Pre-K Science: Beginning to Explore

(This is just one of the GREAT articles in’s March 2014 virtual e-Magazine)

So, there you are with your little four-year-old and you’ve decided to homeschool.  There are multiple schools of thought out there on how much “school” should actually be happening in preschool.  Kids learn primarily through play but for most kids, especially eager learners, this can be a precious time to give direction to some of those play ideas.

When it comes to homeschooling a preschooler, one of the best resources out there is the “Letter of the Week” curriculum.

Titled “Brightly Beaming Resources,” creator Katrina Lybbert graciously provides free curriculum for reading, countries, and science.

Her science curriculum is focused on the “Let’s Read and Find Out” book series.

The series comes in two levels, the second being more advanced.

The books are colorful and fun to read.  They each focus on a specific topic – for example, air – and include a description on the topic and an experiment or hands on experience.

The books provide great information, but the key to science is getting your hands dirty; don’t let science fun end on the last page of the book.

Preschoolers are at a perfect age for discovery and exploring and what better subject to help them do so?

When working with children this young, it’s important to be realistic.  Keep lessons simple and natural.  Mix in plenty of child-led learning with your agenda.  Your own backyard or local park are great places to awaken a love for science.  Creation is all around us.

Every Spring, a robin makes a nest in our neighbor’s window which my boys’ bedroom window happens to look out to.  It has been a priceless experience to watch daily in anticipation for the eggs to hatch.  And then watching the mama bird faithfully leave the nest and return with food for her sweet babies (even when that food is sometimes from my strawberry garden…).  Then, watching the babies grow bigger and stronger and finally, fly away.  I could read many books to them on the life cycle of a bird but nothing would compare to this experience.  If you are not near a natural nest, consider buying a Window Nest View Bird House.  The house suctions to your window and gives you an up-close look into the nest.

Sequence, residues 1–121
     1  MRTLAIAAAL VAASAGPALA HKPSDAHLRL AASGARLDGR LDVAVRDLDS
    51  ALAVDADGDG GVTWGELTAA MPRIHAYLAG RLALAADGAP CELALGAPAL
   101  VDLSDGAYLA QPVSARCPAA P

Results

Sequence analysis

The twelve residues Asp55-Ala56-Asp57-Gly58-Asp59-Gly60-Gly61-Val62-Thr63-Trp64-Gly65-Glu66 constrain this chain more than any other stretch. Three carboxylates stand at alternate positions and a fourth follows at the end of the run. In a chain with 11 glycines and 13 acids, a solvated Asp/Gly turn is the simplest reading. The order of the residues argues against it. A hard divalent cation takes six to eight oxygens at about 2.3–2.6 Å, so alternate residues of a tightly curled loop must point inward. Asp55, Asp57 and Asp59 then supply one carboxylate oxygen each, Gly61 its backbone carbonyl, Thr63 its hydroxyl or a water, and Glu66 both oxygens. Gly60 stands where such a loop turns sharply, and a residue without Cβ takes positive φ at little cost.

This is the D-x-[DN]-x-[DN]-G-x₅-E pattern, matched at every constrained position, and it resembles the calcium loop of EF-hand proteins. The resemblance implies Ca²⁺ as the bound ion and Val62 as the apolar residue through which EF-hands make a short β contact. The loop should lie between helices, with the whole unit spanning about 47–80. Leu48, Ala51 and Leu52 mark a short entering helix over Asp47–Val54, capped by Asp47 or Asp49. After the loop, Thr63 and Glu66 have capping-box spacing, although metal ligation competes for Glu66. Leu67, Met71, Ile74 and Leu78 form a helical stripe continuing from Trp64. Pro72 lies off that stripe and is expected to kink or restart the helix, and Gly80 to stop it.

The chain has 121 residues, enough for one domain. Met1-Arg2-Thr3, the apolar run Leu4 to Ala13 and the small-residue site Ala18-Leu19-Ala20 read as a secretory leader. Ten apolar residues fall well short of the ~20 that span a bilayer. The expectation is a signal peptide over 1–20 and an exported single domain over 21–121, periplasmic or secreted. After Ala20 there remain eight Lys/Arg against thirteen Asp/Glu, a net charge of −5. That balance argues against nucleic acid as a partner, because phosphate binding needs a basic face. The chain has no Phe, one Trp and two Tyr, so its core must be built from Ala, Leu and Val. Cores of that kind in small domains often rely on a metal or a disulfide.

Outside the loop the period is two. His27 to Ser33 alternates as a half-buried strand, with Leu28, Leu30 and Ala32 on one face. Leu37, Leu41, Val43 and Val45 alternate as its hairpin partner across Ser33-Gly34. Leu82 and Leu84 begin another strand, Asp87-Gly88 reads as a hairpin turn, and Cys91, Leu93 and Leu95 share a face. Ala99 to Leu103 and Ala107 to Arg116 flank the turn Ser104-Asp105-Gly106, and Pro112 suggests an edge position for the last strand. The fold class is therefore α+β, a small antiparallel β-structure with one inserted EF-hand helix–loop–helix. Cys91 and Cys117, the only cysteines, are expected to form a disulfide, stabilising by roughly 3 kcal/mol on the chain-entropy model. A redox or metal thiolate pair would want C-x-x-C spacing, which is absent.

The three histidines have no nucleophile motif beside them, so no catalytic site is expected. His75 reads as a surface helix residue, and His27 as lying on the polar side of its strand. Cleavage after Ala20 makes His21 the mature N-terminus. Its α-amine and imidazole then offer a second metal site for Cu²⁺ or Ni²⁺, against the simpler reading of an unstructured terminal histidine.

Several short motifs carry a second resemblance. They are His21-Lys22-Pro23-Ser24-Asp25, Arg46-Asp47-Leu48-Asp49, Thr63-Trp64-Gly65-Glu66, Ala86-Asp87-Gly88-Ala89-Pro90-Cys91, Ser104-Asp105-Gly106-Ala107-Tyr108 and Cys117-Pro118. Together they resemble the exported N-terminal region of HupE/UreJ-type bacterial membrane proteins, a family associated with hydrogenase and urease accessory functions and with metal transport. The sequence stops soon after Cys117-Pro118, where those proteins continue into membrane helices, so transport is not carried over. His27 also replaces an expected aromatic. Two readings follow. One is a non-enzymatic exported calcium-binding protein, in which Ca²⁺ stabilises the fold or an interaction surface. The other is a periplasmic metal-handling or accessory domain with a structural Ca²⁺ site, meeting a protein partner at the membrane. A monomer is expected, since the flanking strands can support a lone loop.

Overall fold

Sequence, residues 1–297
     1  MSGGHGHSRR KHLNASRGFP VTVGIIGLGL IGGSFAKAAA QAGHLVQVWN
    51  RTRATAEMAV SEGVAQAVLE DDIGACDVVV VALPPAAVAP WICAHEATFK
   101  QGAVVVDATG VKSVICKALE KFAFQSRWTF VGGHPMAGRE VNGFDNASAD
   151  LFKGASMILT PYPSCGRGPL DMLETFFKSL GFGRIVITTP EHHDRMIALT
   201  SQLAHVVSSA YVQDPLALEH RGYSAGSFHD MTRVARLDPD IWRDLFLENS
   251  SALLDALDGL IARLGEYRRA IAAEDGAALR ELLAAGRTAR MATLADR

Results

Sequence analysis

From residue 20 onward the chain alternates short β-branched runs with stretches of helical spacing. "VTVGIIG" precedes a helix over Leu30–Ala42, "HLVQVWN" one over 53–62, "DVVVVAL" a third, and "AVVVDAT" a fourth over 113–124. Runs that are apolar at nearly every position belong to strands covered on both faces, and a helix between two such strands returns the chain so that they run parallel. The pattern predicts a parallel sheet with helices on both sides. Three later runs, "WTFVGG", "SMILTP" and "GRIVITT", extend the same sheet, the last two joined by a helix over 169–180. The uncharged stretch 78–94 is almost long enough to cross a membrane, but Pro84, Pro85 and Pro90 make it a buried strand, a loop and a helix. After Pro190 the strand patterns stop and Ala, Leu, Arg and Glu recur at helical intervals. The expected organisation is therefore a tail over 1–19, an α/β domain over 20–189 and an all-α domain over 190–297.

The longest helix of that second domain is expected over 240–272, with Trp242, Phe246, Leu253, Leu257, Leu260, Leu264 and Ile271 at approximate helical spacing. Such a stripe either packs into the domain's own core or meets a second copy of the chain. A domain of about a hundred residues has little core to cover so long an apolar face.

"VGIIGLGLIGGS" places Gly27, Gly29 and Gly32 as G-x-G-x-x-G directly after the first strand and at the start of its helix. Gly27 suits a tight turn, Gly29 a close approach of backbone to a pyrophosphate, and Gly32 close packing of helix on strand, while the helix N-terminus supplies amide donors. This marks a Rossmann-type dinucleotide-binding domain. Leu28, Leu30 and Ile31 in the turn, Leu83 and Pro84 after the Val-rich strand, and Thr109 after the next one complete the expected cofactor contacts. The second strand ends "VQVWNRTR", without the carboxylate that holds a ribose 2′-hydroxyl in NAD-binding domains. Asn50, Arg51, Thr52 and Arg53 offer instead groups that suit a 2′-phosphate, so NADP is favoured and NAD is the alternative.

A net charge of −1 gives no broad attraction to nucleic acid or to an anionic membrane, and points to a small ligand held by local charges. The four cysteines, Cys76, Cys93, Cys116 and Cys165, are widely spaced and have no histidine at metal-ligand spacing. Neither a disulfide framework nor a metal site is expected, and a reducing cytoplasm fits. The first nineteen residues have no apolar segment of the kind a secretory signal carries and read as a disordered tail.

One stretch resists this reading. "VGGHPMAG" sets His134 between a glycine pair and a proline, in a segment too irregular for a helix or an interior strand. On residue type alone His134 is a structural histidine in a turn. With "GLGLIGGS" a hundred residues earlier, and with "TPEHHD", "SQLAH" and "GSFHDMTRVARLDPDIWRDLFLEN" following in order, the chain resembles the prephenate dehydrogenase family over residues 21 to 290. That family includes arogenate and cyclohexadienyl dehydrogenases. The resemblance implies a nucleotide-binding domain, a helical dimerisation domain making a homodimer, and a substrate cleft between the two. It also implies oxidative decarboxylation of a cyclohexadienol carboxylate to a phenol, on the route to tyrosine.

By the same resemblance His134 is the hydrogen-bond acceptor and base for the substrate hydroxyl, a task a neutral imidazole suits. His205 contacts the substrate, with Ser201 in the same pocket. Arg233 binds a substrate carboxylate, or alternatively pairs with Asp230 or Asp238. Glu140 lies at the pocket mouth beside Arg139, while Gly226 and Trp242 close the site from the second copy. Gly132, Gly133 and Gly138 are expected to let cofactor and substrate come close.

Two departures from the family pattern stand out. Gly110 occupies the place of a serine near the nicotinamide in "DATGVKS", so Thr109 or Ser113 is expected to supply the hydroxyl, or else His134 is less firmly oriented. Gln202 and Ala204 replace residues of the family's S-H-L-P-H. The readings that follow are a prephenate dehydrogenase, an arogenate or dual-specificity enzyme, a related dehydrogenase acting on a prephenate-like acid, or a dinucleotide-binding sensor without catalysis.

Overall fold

Another idea is to have your own live butterfly or ladybug garden.  These are available in many stores and online.

Lastly, remember to incorporate a field trip to your local hands-on museum.  Kids learn best through experience so involve all of the senses as much as possible – especially touch!


Letter of the Week Curriculum

“Let’s Read and Find Out” Harper Collins

Window Nest View Bird House

Live Butterfly or Ladybug Garden


Written by Cindy Rinna.  Cindy is a Christian, Wife, SAHM to three boys & a baby girl, and writer.  Cindy is passionate about homeschooling, sharing with people about autism, ADHD & Celiac, and striving for healthy living. Connect with her on Facebook, Pinterest or on her blog, Life as a Rinnagade

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